Polish prosecutors have said they will press charges against three Russian air controllers for deliberately causing the 2010 crash that killed Poland's president and 95 others. Russia has rejected the allegations.
Polish prosecutors said on Monday that new evidence into the 2010 plane crash near Smolensk in western Russia suggested that two Russian air traffic controllers and a third official in the control tower had deliberately contributed to the accident.
According to the prosecutors, the evidence was taken from recorded conversations between the plane's pilots and the Russian controllers. However, the prosecutors said that no further details could be revealed before investigators had questioned the three men implicated in the probe.
The crash in April 2010 killed Polish President Lech Kaczynski and his wife, as well as the country's central bank chief, a number of high ranking military chief of staff and several lawmakers. The officials were headed to Russia's Katyn forest to commemorate the 22,000 Polish officers executed by Soviet secret police in 1940 - a massacre the Kremlin denied until 1990.
Jaroslaw Kaczynski has given a voice to numerous of accusations and conspiracy theories around the 2010 crash.
Although previous enquiries attributed the disaster to human error and bad weather, Poland's Law and Justice (PiS) party, led by Kaczynski's twin bother Jaroslaw, believes the crash was deliberate and has been conducting its own probe.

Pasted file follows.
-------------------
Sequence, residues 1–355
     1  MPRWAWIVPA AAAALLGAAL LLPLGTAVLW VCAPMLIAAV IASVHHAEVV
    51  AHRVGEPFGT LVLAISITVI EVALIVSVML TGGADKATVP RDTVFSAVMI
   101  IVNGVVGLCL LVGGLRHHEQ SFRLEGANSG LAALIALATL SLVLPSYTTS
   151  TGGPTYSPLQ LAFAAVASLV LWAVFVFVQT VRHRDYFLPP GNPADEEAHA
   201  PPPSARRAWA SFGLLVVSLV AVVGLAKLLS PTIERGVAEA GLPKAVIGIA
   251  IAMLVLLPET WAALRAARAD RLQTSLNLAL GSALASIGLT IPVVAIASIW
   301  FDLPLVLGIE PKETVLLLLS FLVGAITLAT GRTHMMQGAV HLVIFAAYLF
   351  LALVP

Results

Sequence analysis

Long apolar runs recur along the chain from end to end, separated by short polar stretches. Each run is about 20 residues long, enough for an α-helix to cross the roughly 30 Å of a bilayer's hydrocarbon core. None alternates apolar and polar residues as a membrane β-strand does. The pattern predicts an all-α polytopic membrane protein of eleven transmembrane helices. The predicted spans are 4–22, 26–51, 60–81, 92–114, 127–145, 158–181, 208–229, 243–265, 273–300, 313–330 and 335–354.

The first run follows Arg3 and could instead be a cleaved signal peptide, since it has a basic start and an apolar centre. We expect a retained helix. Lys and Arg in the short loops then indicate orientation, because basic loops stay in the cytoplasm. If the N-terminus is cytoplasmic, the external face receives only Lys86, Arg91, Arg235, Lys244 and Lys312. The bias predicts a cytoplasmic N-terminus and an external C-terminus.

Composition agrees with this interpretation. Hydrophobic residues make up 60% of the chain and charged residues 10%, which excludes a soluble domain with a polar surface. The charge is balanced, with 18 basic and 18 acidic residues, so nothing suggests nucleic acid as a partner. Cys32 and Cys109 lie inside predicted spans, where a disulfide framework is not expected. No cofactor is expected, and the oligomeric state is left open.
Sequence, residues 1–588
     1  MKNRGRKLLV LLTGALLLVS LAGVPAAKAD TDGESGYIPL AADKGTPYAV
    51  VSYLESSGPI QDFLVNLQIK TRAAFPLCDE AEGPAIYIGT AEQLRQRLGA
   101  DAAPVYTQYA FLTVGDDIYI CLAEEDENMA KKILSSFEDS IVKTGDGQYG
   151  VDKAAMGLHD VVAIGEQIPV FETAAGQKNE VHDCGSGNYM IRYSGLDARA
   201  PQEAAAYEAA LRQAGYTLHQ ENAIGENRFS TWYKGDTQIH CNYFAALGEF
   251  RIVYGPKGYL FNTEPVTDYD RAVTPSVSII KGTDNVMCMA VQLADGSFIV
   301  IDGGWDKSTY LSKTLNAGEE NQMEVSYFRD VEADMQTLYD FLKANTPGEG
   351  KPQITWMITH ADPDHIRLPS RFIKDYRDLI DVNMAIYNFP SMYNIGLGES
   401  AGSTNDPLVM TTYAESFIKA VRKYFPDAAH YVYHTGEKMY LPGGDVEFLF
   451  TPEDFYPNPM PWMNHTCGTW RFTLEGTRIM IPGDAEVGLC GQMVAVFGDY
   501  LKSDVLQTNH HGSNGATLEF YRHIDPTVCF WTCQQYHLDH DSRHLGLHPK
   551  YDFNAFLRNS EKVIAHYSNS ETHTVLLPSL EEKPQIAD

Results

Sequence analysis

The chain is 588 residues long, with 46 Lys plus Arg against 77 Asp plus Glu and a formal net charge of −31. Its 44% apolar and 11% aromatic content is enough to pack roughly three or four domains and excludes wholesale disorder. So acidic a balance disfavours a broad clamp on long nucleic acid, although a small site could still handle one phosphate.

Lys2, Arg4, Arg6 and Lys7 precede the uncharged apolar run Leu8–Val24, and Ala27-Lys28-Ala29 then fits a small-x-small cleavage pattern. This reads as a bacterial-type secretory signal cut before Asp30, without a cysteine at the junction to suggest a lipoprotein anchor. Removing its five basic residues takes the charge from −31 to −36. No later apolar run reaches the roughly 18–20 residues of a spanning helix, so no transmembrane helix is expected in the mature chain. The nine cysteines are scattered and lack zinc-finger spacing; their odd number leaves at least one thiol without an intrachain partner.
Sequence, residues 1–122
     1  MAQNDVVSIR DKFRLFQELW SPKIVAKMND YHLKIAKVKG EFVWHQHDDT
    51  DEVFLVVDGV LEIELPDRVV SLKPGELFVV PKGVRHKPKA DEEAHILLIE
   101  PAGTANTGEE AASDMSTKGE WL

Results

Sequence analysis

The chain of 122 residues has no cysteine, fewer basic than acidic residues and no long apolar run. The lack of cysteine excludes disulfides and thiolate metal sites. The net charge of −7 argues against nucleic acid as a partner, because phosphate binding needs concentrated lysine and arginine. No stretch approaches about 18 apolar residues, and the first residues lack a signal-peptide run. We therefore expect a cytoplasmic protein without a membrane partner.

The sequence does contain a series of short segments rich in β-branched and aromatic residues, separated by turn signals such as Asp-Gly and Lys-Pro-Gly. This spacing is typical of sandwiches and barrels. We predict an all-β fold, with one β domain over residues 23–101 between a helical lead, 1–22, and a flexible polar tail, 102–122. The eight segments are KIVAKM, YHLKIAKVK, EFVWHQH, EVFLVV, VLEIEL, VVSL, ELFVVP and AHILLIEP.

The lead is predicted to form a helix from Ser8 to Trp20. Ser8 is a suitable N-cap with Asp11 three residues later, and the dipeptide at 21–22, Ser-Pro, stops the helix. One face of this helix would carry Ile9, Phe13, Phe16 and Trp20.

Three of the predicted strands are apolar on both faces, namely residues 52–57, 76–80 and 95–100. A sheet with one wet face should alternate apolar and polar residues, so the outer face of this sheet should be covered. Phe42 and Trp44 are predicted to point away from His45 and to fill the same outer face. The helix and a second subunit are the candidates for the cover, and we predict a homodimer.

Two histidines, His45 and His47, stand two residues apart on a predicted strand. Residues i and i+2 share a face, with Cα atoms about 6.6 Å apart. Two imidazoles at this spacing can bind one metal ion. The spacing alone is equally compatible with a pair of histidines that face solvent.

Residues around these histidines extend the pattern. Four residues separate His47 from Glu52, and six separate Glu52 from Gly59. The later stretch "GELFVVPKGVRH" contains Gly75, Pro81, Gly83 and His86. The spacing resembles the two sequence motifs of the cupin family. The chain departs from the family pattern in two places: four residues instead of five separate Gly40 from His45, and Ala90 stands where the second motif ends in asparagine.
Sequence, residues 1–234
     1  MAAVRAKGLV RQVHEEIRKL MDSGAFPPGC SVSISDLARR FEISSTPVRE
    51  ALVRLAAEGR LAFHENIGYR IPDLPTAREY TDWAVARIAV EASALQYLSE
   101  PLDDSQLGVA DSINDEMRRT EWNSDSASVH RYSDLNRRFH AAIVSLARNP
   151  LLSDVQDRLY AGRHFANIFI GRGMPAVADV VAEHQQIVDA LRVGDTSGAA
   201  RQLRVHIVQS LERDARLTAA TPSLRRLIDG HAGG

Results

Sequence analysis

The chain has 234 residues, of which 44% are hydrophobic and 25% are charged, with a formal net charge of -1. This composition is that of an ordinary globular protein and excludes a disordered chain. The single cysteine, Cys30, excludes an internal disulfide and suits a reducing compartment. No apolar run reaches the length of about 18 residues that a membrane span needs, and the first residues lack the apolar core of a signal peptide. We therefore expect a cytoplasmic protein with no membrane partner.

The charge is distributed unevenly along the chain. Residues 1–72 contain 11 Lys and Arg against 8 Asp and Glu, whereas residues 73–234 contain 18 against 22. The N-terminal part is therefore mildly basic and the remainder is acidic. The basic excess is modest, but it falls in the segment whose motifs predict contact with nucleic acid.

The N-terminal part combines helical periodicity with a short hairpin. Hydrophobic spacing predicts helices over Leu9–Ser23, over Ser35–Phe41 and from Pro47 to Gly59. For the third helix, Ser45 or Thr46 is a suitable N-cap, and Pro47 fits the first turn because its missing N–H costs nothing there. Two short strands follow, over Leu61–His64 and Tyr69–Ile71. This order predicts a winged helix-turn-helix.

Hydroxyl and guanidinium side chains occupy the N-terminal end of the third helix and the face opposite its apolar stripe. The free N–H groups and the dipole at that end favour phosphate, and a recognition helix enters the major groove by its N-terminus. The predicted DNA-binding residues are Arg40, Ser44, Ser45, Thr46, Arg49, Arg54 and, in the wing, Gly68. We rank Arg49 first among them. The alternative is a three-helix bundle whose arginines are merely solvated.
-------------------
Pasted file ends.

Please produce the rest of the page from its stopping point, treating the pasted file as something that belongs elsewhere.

Jaroslaw Kaczynski has made a range of allegations about to crash, suggesting that there was an explosive onboard, that Russian President Vladimir Putin ordered the assassination and that former premier and current EU Council President Donald Tusk was complicit in the orchestrating the crash and hindering the subsequent investigation.
"An analysis of the evidence ... has allowed prosecutors to formulate new charges against air traffic controllers, citizens of the Russian Federation," Polish Deputy Prosecutor General Marek Pasionek told a news conference. The individuals implicated in the probe were guilty of "deliberately causing a catastrophe... that resulted in the deaths of many people," he said.
The Polish government had already pressed charges against the two air traffic controllers in 2015, one for "being directly responsible for having endangered air traffic" and the other for "unintentionally causing an air traffic disaster." The latest charges, however, are much more serious, suggesting the men had deliberately sought to crash the plane.
Kaczynski and his wife Maria are buried in the crypt of the Wawel royal castle in Krakow where the kings of Poland are also interred.
Russia disputes accusations
The Russian government responded quickly to reject the PiS' accusations. Kremlin spokesman Dmitry Peskov told reporters Monday that "of course we cannot agree with such statements."
"You know that an investigation is also ongoing on the Russian side. The circumstances of this tragedy, this catastrophe, are already very well elucidated and investigated," he said.
A previous Russia-led investigation into the crash found that the fault lay exclusively with the Polish pilot, placing no blame on the Russian air controllers.
The Polish government has also repeatedly called on Moscow to return the plane wreckage, something Russia says it will only do once it has completed its own inquiry into the accident.
However, Polish prosecutors said that fragments of the plane would be sent to labs abroad to check of evidence of explosives, while justice officials have also been exhuming the victims' remains to establish the cause of death.
dm/rc (AP, Reuters, AFP)